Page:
Helping people with computers... one answer at a time.
Microsoft Outlook tries to protect users from malicious attachments by blocking them. What if you're sending something that's legitimate, but blocked?
How can I send someone an attachment, if it's blocked by their copy of Outlook?
Sending and receiving attachments appears to be risky business these days. The recent MyDoom virus was mostly an attachment-borne virus and it's still causing a fair amount of trouble. Unfortunately that trouble just proves the point that a lot of people still cannot be trusted to know the difference between a safe attachment and a malicious one.
To make attachment borne viruses more difficult to propagate Outlook and Outlook Express now come configured by default to prevent access to certain types of files because they are common targets of viruses. Unfortunately, the ability to transfer files as attachments via email has become a critical component of many people's use of the internet. If your recipient can't open your document then what can you do?
I'm going to assume that asking your recipient to work around the issue at their end is not an option. (It's outlined in this previous article: Why can't I open attachments in Outlook? Instead we're going to look at things you can do.
The simplest and most over looked option is simple: Does it have to be sent as an attached document at all? I've often received attached documents that are nothing more than lightly formatted text. It could just as easily have been sent as the body of the email message itself. Not only does this completely bypass Outlooks attachment filter but it makes for smaller email that is quickly sent and received.
Do you have the ability to send it in another format? If the document is only for the other person to read perhaps you can save it as a PDF which will preserve all of the graphics and formatting and is typically not blocked by default. If you don't already have the ability there are several Adobe PDF creation tools on the market such as Adobe Acrobat as well as others, some of which are free. In some cases even sending as a plain text file is sufficient though if that's the case I'd once again question whether it should be sent as an attachment at all.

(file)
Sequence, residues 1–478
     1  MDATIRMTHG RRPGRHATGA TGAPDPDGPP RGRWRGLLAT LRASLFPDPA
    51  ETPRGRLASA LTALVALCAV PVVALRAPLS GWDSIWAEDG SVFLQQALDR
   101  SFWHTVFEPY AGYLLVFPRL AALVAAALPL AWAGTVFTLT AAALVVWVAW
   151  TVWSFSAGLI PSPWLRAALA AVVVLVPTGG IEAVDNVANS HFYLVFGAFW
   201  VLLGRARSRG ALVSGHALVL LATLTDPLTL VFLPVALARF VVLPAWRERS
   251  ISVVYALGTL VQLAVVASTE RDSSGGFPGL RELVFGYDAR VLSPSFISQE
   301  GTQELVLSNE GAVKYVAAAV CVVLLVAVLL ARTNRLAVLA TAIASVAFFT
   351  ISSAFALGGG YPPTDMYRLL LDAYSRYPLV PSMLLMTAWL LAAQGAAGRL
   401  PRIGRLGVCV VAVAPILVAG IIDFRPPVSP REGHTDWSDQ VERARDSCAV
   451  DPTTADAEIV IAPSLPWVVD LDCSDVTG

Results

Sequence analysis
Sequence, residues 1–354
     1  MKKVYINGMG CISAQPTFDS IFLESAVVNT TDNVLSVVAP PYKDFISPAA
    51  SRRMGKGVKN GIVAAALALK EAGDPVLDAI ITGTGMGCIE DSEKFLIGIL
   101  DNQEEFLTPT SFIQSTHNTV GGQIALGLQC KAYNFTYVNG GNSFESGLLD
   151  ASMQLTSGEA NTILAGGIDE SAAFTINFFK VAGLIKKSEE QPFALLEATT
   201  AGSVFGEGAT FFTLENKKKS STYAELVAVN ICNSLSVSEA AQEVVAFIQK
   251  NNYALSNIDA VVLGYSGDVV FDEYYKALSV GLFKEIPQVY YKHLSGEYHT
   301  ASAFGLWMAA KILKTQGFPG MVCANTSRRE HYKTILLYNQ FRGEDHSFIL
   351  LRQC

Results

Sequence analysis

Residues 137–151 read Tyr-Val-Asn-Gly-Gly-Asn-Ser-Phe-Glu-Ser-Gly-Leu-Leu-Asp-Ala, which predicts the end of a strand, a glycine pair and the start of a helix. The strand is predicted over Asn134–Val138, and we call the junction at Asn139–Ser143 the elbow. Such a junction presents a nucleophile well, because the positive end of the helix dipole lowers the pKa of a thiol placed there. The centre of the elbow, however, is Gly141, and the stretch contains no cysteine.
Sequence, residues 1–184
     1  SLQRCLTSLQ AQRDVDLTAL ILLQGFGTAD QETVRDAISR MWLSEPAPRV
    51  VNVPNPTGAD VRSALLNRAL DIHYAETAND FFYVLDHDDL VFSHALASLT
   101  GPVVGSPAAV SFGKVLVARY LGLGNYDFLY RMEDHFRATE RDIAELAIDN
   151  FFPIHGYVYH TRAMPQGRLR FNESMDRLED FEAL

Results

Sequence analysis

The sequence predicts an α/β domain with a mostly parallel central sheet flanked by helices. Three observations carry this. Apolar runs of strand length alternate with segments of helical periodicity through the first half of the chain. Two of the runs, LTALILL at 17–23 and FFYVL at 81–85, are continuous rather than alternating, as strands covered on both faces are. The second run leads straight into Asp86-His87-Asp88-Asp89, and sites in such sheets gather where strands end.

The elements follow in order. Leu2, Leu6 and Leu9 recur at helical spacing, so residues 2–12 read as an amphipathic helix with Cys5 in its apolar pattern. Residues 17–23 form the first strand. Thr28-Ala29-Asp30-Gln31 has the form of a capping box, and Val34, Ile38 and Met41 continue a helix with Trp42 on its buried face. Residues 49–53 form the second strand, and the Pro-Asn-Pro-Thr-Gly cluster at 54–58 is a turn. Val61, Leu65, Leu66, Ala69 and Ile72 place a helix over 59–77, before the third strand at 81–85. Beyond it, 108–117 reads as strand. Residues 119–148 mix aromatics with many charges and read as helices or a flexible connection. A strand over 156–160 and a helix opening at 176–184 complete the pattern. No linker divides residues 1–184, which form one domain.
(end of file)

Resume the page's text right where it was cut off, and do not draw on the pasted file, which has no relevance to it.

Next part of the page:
Just ZIP it. The ZIP file format is a compressed archive. It's a way to compress and combine several files into a single file from which they can be later extracted. Windows XP actually has some rudimentary support for ZIP files built in so it's very likely that if you send your attachment as a ZIP file then your recipient will be able to access it. The popular ZIP programs include WinZip and PKZip.
Rename it. Outlook bases its decision on whether or not to block a file by looking at the file's extension (the characters after the last '.' in the file name). If you rename FOO.DOC to FOO.LEO then email it as an attachment then your recipient should be able to save FOO.LEO to disk, rename it to FOO.DOC, and be on their way.
Don't use email. It might just be that email is simply the wrong solution to transfer the file. The most common alternative if you have the ability is to upload the file to a web site and then send a link to the file rather than the file itself. Your recipient can then simply download the file at their convenience. Sending large attachments or sending attachments to a large number of people is considered bad "netiquette" anyway because of the resources and bandwidth used. This approach allows people to get their email quickly and then gives them a choice to download the file now or later or not at all.
Now it kind of goes without saying but I'll say it anyway - all of the techniques I've listed above are ways to circumvent Outlooks attempts to keep the recipient safe from viruses. If your document contains a virus then ZIPping it, renaming it, or uploading it won't make the virus go away when that document finally lands on your recipient's computer. This then implies that you as the sender have a responsibility to ensure that the documents you're sending are in fact virus free.